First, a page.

Substantial empirical evidence validates these theories across a number of industries (Lafontaine & Slade, 2007) and within the power sector in particular (Joskow, 1985, 1987). Alternative theories of vertical integration based on evaluation of property rights (Hart & Moore, 1990) or moral hazard (Lafontaine & Slade, 2007) exist, but transaction cost analyses, such as those performed by Joskow and Schmalensee (1983), Joskow (1996), and Newbery (2002) have dominated the literature on vertical integration in the electricity sector and the introduction of competition in power generation and retail aggregation.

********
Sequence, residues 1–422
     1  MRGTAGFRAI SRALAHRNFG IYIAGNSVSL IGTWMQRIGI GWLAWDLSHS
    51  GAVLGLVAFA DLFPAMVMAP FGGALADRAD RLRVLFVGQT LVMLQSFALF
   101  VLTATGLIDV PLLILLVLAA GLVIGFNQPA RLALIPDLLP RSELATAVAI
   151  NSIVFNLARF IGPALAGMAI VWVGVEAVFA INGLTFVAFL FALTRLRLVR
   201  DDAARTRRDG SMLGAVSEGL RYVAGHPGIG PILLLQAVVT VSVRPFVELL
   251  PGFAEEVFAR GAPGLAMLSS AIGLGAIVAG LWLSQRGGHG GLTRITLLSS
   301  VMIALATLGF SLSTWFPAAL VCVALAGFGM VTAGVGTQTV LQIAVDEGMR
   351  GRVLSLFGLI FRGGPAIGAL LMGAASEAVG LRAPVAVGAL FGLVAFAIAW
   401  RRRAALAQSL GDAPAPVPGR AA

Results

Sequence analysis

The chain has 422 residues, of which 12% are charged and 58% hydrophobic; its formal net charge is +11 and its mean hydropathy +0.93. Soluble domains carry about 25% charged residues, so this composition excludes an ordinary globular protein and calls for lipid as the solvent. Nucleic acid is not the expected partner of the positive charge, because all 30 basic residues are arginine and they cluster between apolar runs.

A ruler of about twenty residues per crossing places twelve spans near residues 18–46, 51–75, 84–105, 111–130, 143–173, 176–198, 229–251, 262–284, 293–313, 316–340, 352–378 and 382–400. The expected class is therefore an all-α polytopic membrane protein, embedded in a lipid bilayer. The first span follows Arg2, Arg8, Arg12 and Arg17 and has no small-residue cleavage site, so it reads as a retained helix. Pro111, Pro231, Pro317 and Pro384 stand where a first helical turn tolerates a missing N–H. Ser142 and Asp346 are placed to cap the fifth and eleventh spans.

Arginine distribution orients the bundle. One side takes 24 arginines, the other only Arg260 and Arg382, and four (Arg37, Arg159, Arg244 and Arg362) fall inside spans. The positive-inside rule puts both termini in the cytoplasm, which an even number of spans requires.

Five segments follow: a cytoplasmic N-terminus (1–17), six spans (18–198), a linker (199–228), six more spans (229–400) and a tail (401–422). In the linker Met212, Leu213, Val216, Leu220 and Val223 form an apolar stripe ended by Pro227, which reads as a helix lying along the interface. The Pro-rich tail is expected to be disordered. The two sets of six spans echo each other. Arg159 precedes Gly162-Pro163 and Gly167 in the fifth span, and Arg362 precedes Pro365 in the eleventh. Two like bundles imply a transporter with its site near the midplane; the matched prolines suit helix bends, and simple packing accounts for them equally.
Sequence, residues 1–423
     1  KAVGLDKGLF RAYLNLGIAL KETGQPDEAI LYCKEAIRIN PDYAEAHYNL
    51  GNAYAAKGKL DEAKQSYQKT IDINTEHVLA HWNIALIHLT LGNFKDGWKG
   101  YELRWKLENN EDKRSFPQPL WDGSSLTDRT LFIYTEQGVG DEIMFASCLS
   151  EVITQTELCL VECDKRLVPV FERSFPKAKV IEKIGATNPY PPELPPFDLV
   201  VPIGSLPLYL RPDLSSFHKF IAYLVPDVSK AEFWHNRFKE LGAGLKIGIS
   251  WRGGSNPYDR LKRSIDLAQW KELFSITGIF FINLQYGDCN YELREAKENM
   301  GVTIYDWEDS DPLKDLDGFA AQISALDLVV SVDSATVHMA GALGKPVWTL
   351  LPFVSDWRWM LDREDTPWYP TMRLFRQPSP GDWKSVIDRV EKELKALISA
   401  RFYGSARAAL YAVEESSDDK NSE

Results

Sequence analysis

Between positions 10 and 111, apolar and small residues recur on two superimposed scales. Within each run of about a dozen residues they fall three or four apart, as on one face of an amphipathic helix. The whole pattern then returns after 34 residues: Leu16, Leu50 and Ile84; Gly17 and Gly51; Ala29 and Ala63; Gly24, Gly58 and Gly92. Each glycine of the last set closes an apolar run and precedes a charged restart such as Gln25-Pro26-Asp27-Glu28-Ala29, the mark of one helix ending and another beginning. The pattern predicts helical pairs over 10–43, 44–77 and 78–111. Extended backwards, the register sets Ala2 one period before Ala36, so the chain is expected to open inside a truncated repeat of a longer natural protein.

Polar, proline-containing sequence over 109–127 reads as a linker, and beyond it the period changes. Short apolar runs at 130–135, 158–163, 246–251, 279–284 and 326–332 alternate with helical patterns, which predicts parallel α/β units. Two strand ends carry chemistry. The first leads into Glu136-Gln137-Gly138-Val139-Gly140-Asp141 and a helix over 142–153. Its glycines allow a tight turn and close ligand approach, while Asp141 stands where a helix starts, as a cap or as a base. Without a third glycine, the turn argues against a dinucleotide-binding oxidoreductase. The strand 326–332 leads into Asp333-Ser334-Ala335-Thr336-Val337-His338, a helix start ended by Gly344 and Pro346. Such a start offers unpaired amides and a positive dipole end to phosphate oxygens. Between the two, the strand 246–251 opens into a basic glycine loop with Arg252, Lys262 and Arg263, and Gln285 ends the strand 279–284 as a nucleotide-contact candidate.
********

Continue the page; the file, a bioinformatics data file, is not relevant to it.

However, vertical integration is not costless. It creates the possibility for the vertically integrated firm to foreclose (that is, raise the costs of or bar entry by) competitors (Rey & Tirole. 2007). This is especially true in the electric power industry, where certain horizontal segments of the sector (transmission and distribution) are natural monopolies and control physical access between suppliers and consumers. In addition, where vertically integrated firms act as monopolies, they do not face the incentives for efficiency created by competition. Regulators attempt to create incentives for efficiency, but regulation is never perfect and often fails to create effective incentives (Cicala, 2015; Laffont & Tirole, 1993). Furthermore, markets have been effective at creating competitive incentives for efficiency in generation (Borenstein & Bushnell, 2015; Fabrizio, Rose, & Wolfram, 2007; Joskow, 2006). Thus, when considering any given industry structure, we must consider the potential for both costs and benefits from various degrees of integration.